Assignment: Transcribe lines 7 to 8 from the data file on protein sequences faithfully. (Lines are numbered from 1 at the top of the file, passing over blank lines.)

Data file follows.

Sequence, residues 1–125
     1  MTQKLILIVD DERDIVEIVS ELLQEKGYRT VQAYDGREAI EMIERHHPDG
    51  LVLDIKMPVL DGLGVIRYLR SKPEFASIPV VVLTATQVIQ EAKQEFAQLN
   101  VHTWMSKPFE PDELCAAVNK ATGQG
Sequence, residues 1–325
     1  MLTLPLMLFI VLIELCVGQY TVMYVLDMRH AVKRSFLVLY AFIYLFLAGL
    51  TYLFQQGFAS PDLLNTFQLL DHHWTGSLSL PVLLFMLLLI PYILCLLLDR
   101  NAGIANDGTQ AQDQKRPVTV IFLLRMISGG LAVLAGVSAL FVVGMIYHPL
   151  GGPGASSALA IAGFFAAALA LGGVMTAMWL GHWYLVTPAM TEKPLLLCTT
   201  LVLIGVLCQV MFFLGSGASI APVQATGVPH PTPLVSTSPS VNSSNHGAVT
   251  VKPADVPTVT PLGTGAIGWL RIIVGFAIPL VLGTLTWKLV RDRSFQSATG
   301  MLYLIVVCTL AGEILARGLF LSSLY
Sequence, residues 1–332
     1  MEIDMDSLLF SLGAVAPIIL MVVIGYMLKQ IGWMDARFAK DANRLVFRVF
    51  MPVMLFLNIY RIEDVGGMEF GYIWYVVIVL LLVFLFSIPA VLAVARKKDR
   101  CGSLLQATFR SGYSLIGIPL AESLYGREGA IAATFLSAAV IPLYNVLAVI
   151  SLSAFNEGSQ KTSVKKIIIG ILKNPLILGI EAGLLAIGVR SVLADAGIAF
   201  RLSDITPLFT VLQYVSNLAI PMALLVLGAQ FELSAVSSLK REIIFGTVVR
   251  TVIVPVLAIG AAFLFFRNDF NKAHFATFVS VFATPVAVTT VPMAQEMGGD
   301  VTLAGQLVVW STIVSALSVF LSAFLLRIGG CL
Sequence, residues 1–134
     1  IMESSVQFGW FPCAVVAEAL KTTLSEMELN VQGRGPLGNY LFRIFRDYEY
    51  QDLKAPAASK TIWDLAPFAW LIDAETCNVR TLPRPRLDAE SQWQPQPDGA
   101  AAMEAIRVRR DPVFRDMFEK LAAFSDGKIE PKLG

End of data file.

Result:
    51  TYLFQQGFAS PDLLNTFQLL DHHWTGSLSL PVLLFMLLLI PYILCLLLDR
   101  NAGIANDGTQ AQDQKRPVTV IFLLRMISGG LAVLAGVSAL FVVGMIYHPL